Bali’s tourism industry certainly faced substantial challenges last year, particularly because of increased activity from the volcano Mt. Agung. Despite the stranding and evacuation of thousands of Chinese tourists in November and December, the island’s tourism industry fared quite well overall. According to statistics from the Bali Provincial Government, Chinese tourists, in particular, drove growth, surpassing Australian tourists to become Bali’s biggest tourism source market.
China became Bali’s biggest tourism source market in 2017, surpassing Australia for the first time
Since 2015, Bali’s tourism numbers have grown exponentially. 2015 saw 4,001,835 foreign tourists. In comparison, 2017 saw a whopping 5,697,739 foreign tourists come to the island, representing growth of 42 percent in just two years. China has easily been the biggest source of overall growth in foreign tourist arrivals. The number of Chinese tourists grew by 20.1 percent in 2016 and by 24.3 percent in 2017, to reach a total of 1,385,850 tourists last year.
On the other hand, Bali’s traditional primary tourist source market, Australia, has been sending fewer tourists. While still an important market with 1,094,974 tourists in 2017, this nonetheless represents a drop of 48,186 from 2016 or around 4 percent compared to 2016. This firmly places China as Bali’s most significant source market and represents a historic shift for the island and its tourism industry.
Bali has seen a growth of 42 percent in the number of foreign arrivals since 2015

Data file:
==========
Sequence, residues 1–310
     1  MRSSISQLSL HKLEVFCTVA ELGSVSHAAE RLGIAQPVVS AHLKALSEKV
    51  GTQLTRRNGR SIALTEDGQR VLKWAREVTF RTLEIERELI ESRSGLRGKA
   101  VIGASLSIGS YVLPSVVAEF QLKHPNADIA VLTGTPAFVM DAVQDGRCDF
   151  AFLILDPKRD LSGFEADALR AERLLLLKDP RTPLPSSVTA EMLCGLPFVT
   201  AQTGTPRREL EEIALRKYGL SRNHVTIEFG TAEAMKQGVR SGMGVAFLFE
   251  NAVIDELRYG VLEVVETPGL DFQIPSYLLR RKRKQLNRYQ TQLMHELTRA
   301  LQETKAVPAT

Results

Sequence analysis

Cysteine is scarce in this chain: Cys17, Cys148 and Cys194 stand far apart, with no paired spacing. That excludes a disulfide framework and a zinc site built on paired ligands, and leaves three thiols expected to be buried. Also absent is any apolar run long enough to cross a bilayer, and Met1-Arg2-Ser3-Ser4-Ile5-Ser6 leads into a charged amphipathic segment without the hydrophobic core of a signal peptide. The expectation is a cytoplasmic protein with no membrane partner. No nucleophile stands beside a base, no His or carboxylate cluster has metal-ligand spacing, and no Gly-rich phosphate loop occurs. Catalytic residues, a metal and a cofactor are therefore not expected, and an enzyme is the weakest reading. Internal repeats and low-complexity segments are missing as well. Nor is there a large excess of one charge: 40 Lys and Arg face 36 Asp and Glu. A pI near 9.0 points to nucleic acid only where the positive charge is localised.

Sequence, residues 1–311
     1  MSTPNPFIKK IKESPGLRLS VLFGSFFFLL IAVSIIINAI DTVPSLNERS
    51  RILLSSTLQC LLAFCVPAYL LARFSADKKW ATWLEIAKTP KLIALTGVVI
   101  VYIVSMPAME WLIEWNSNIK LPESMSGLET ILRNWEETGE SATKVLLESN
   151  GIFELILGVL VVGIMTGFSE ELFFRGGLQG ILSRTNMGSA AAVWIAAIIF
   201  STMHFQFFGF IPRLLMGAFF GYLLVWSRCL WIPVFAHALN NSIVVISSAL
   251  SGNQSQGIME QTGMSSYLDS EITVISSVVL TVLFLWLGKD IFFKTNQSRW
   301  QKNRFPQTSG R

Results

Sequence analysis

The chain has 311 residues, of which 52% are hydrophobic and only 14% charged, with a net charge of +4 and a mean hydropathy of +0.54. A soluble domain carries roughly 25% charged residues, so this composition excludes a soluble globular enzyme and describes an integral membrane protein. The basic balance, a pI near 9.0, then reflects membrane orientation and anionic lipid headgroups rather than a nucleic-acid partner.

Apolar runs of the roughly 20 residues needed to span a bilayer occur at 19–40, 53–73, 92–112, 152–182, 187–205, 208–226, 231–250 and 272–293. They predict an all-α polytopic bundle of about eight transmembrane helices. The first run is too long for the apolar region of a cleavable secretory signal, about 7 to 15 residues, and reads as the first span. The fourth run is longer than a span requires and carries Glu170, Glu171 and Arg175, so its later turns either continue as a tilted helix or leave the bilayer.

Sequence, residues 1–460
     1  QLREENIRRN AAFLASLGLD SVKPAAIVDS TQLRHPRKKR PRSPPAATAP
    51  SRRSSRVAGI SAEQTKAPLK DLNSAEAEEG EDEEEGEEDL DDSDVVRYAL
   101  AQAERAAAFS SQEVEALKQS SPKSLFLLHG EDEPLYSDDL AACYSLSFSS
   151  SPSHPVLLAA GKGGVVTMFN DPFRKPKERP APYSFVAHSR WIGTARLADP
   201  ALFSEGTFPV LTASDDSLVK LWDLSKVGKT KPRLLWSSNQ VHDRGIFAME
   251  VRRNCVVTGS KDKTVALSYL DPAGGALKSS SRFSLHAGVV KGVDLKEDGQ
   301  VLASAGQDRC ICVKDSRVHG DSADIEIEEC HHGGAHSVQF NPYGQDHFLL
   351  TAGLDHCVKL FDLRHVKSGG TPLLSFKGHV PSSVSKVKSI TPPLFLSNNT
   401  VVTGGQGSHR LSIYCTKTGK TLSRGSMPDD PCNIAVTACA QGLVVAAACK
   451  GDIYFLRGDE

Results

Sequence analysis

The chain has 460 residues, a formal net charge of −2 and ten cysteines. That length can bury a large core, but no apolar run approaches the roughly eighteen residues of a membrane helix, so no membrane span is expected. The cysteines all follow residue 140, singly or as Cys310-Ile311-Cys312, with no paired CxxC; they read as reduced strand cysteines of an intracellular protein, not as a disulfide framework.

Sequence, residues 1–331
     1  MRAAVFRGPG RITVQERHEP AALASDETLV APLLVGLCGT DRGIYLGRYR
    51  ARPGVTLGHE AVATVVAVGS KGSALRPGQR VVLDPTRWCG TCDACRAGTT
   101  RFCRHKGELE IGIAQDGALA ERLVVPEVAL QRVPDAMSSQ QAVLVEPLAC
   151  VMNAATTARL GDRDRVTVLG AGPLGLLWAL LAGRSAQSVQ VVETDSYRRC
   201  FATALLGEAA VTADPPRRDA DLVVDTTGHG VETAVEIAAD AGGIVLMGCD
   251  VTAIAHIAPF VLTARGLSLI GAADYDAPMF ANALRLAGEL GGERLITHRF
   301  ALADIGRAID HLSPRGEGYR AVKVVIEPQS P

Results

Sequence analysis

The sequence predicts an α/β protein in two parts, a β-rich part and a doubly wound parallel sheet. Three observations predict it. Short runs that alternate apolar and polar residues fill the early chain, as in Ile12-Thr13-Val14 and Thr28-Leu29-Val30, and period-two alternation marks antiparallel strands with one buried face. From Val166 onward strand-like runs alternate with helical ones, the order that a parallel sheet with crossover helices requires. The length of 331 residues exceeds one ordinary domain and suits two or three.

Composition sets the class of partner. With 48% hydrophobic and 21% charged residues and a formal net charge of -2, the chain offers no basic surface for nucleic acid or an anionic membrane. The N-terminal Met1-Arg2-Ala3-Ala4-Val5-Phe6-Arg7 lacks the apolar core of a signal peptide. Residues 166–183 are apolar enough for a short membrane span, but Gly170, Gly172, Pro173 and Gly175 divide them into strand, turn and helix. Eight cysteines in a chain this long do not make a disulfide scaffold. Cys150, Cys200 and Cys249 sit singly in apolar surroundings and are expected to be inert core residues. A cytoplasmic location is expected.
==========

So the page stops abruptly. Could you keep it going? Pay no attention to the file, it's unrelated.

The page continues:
Still, this rapid growth in tourism does not come without substantial costs. The most obvious being environmental. The ecological crisis brought about by the growth in tourism and subsequent interest in development projects by foreign and domestic Indonesian firms has prompted a substantial, local backlash.
While the support by the Indonesian government of such projects is problematic, the rapid rise of tourism to Bali has given both the Bali government and the national government little opportunity to plan ahead. Last year, the Indonesian government under president Jokowi announced a new initiative to create “10 Balis” around the country by improving transportation infrastructure to facilitate growth.
The Indonesian government hopes to promote 10 further key destinations around the country to facilitate the development of the tourism industry
While ostensibly the plan is to boost Indonesia’s tourism industry, it may also ease some of the pressure of tourism upon Bali by providing alternative destinations.
Indonesia represents a quality, “budget” destination for Chinese tourists. Flights to Indonesia from China are relatively cheap and cost of accommodation and transportation are also quite low, even compared to China. With a growing number of Chinese tourists going abroad, Indonesia is primed to be one of the biggest beneficiaries of this major shift in the global tourism market. The country’s visa-exempt agreement with China doesn’t hurt either.
The long-term success of Indonesia as a Chinese tourist destination hinges on the ability of the national government to more evenly distribute newly arriving tourists throughout the Indonesian archipelago, instead of focusing on the tiny island of Bali. Ideally, Bali will be able to attract more high-end tourists to maintain revenue and keep steady or even decrease the total number of foreign arrivals.